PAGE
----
• Also, I’ve adjusted the way I manage our money a bit so it’s easier to keep track of our spending and saving. I’ll write more about that in an upcoming post as part of the Ways to Make & Save Money series.
  • Looking ahead, my blog income tends to dip in the summer, so if you could spread the word about CFO to your friends and help me grow the blog, I’d greatly appreciate it. Thank you!

    Update on my New Year’s Resolution: End of March

    Back in January, I shared my financial resolution for this year, which is to save a crazy amount of money to create a large cash cushion. I promised a monthly update, so here it is: we’ve saved 20.3% of our goal so far.

    I’m pretty pleased with our progress – I knew starting out that this goal is a tremendous stretch, so to be at 20% with 25% of the year gone is satisfactory to me.

    The good news is that I’ve been doing fine with my big oven, so there’s no imminent need for a new oven – something I was afraid of last month. The bad news is that we’ve got some pretty substantial and un-budgeted-for expenses coming up, so I’m mentally preparing myself that our savings total won’t grow as much as it has been.

    As always, I continue to do the things I recommend in my Ways to Make & Save Money series. Also, I can’t believe how little we spend compared to how much we used to spend before kids. It’s been a while since I tracked our spending this closely, and it’s wonderful to see the difference.

    Update on my New Year’s Resolution: End of February

    Back in January, I shared my financial resolution for this year, which is to save a crazy amount of money to create a large cash cushion. I promised a monthly update, so here it is: we’ve saved 13.9% of our goal so far.

    Last month, that number stood at 3% and I was rather disappointed. However, in calculating this month’s numbers, I realized that I was off, and that we actually saved just over 5% last month. Since I was quite disappointed last month, it was nice, albeit also embarrassing, to spot that error this month.

    One thing I did this month was reduce the extra principal we put towards our mortgage and redirect that money into savings, which added another 2% of our savings goal. California’s economic situation is so dire right now that hoarding cash and building up savings seems much more important than paying off the mortgage faster – even though that is something I would very much like to do. We plan on sticking with this new plan indefinitely.

    Just like last month, we did many things to help us get closer to our savings goal. I really do all of the things I recommend in my Ways to Make & Save Money series, and I’ve been tweaking some of those things to better suit our savings style, like snowflaking extra money into the savings account by depositing rebate checks into an account that’s not at the bank where we keep most of our money. Since that means the snowflaked money gets nowhere near the checking account, it stays in savings permanently.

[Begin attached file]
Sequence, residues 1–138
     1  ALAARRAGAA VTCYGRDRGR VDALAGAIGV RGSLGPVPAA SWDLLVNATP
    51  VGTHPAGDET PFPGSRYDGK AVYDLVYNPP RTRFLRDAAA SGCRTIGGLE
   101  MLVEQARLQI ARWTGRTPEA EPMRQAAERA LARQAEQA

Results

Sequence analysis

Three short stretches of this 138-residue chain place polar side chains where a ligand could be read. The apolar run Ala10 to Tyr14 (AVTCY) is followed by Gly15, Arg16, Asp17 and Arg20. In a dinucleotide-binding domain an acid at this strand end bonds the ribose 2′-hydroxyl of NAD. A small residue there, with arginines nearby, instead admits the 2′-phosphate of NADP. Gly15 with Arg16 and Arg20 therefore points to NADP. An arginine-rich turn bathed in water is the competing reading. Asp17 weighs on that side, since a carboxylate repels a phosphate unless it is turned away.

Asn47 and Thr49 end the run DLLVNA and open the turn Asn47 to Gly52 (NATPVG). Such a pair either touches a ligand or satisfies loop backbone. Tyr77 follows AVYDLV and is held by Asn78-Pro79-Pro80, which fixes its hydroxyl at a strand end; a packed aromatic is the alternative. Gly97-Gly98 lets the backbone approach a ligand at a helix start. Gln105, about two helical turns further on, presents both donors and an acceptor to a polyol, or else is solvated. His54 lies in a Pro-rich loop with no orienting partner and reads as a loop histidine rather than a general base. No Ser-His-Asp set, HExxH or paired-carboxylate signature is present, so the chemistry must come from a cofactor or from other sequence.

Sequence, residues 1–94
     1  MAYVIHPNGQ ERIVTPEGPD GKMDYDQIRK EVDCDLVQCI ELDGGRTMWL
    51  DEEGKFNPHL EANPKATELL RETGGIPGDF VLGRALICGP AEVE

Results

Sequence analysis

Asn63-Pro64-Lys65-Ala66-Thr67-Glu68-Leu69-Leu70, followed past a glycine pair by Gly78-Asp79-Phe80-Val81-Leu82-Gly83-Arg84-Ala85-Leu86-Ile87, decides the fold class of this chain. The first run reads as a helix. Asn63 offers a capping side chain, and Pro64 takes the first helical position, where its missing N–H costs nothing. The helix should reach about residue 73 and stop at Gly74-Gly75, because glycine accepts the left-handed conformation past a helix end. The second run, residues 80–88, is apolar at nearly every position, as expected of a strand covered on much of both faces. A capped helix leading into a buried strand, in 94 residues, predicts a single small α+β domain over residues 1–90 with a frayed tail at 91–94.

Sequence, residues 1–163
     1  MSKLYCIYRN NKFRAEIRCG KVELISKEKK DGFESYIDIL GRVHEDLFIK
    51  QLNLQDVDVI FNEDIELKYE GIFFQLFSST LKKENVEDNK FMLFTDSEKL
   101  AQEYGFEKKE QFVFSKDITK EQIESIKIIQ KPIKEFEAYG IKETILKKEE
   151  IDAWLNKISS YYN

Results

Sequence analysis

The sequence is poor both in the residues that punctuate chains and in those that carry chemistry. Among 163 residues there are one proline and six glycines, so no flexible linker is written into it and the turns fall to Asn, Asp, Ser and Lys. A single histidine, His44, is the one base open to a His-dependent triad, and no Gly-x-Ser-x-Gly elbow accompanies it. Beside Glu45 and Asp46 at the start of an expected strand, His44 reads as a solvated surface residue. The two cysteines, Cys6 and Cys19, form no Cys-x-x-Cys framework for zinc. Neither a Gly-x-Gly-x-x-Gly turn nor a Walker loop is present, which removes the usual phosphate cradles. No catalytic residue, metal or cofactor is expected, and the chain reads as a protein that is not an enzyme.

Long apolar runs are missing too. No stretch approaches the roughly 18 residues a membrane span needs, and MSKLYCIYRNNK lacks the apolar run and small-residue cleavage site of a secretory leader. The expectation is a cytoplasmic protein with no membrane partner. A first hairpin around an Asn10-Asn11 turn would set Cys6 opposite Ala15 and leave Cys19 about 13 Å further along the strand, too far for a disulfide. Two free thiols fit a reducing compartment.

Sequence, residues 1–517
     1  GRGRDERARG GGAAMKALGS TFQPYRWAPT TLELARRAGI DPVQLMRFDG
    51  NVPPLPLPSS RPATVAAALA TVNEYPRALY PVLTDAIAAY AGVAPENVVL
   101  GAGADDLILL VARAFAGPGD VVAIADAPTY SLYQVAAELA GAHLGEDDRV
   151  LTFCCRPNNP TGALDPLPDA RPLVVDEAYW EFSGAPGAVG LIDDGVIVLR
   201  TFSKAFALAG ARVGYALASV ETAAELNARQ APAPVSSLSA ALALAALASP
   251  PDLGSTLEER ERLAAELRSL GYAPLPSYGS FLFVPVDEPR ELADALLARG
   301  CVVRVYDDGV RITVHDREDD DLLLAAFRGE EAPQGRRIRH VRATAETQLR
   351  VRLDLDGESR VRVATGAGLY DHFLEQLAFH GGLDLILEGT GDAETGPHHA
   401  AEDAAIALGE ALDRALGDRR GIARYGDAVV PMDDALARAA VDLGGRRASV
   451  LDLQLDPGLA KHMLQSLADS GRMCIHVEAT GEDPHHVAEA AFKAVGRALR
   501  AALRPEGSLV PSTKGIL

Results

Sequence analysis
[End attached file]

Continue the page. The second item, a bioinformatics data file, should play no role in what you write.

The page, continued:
Another thing I’ve been doing is taking a closer look at our spending, and especially at what I spend on groceries and household items (there isn’t much wiggle room left in our budget!). Our spending on food is higher than most families in part because I buy organic milk, organic/antibiotic and hormone-free meat, RBST-free cheese and yogurt, and organic produce. These items are not cheap – a gallon of organic milk is $5.49 on sale, and I usually need 2 gallons a week, plus another 1/2 gallon at $3.29-$3.49 to leave at the .boys’ preschool. I’m not obsessive about organic products, but we can afford them and I don’t see any reason to put extra chemicals in my boys’ bodies if I don’t have to.

    However, I’m now working harder than ever to keep my grocery and household spending down. I’m chasing more deals at the drugstores and grocery stores. I’m making more trips to different stores, and thinking harder about where my money is going. My price book has more entries than ever before, and my target prices keep going down. My goal is to get my monthly spending down while still getting these high quality foods for my family, by buying them on sale and stockpiling when possible.

    One thing I’m worried about now is that we may need to buy a new oven, since my small oven died last month. We’re getting along for the moment with the big oven and toaster oven, but the big oven emitted a funny smell the last time I used it and we’re hoping that it was just because it hasn’t been much. (While I greatly appreciate all of the part-finding suggestions, we’ve concluded that we don’t have the skills or confidence to do our own repair, so the cost of the labor wouldn’t be worth fixing the oven.) I’m keeping my fingers crossed that we won’t have to spend $1000 or (likely) more on the kitchen anytime soon.

    Because I’m hoping that our progress in March will be as good as our progress in February!